Monday, May 07, 2007

The Mystery is Over: Exposing the Biggest Reason for New Bedford's Drop Out Rates

New Bedford and Fall River probably have, collectively, the worst drop out rates in the entire state. In New Bedford schools, fewer students finish high school in four years than graduate. It's a sad - but true - statistic.

People like to blame all sorts of things - lousy teaching, not enough student-parent-teacher involvement, not enough funding - and surely, all those things play their roles. However, how can anyone expect high graduation rates when the median household income is $27,569? In comparison, Lynn - another fairly poor city - had a household income about 10k higher.

The real important thing to consider here is this: if a student worrying about whether or not there's going to be food on the table, or how the hell you're supposed to write a paper when they have easy access to a computer, then graduating may not be something every student going into New Bedford High expects of themselves when they're incoming freshmen - and that's a shame, a real shame. Students need a stable environment at home to prosper at school. They need concerned parents - and it's hard to be fully concerned when you're working 60 hours a week, barely making minimum wage, just to pay the rent.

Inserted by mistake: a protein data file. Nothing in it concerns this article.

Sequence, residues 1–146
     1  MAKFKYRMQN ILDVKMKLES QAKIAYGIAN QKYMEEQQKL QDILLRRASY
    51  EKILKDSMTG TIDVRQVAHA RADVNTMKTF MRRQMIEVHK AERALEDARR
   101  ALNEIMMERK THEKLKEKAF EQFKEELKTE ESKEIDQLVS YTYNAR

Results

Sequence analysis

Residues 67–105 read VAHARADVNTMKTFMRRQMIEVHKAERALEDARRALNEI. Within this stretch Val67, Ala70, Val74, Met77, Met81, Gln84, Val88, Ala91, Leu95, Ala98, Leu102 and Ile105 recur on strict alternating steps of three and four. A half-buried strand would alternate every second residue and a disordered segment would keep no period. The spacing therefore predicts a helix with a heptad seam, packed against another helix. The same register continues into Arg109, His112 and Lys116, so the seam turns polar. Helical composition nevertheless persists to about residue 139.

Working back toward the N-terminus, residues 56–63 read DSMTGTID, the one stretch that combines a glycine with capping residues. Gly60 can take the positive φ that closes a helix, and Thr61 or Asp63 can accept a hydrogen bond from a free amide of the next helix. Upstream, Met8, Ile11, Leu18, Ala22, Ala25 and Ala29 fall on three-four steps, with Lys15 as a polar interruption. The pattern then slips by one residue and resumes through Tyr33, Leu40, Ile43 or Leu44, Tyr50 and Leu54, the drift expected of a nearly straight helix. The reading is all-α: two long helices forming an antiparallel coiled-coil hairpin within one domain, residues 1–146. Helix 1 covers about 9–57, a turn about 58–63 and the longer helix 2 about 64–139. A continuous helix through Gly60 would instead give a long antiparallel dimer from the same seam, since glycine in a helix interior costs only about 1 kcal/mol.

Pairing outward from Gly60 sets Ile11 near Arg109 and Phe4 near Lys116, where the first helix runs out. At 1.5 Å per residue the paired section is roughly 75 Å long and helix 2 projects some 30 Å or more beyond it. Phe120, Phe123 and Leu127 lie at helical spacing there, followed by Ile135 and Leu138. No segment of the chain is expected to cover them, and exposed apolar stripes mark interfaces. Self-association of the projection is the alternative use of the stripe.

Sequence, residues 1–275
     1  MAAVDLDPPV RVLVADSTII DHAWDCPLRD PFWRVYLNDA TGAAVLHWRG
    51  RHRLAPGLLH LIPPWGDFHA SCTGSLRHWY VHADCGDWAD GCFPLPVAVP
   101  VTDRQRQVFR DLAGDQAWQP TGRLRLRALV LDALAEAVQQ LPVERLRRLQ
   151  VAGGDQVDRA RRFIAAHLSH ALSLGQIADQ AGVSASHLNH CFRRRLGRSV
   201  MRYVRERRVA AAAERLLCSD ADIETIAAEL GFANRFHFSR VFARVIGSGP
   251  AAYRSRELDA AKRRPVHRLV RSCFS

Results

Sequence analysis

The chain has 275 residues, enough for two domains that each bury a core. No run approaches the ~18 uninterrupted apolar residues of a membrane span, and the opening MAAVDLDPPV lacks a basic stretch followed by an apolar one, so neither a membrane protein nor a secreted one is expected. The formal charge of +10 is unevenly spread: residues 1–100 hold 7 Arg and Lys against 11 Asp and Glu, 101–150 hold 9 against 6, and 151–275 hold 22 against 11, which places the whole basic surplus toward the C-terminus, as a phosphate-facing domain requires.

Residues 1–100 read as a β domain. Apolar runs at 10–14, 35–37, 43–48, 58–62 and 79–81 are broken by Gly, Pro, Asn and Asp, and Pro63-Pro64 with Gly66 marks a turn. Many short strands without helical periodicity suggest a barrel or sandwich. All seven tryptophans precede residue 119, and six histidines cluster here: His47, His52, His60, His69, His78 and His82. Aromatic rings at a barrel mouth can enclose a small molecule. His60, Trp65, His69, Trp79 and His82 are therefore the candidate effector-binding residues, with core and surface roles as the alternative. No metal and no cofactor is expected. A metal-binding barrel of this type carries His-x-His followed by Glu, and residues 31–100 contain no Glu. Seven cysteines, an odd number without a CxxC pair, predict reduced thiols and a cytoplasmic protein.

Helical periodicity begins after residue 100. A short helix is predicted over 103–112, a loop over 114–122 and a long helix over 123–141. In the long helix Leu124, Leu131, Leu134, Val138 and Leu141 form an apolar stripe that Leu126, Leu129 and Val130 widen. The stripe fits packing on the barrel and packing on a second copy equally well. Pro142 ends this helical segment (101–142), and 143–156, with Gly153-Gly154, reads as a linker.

So, how does the state fix the problem? Obviously, jobs is a key answer. Creating opportunities for parents to get their education is too - be it GEDs, specific job training or college. Furthermore, creating a demand for the (very) cheap housing in New Bedford by actually getting that rail built would go a long way to attracting young, educated families. With a few more of those in New Bedford, everyone would benefit by the added expectations they'd have of the New Bedford school system - and they'd be paying taxes to make sure that happened.

One of the real shames of the suburban flight from what's now coined as the "brink cities" in this state during the late 50s and early 60s is the fact that they both robbed cities of a stable tax base that essentially subsidized poorer sections of the city, as well as the fact that they robbed talented students - students that, by being there, would encourage other students to do better. They robbed cities of parents that demanded high quality education and had the means and times to make sure their demands were met. Now, cities have to be rebuilt and new ways have to be found to reattract new people that will emerge in middle classes and want to stay in cities for the added culture they provide.

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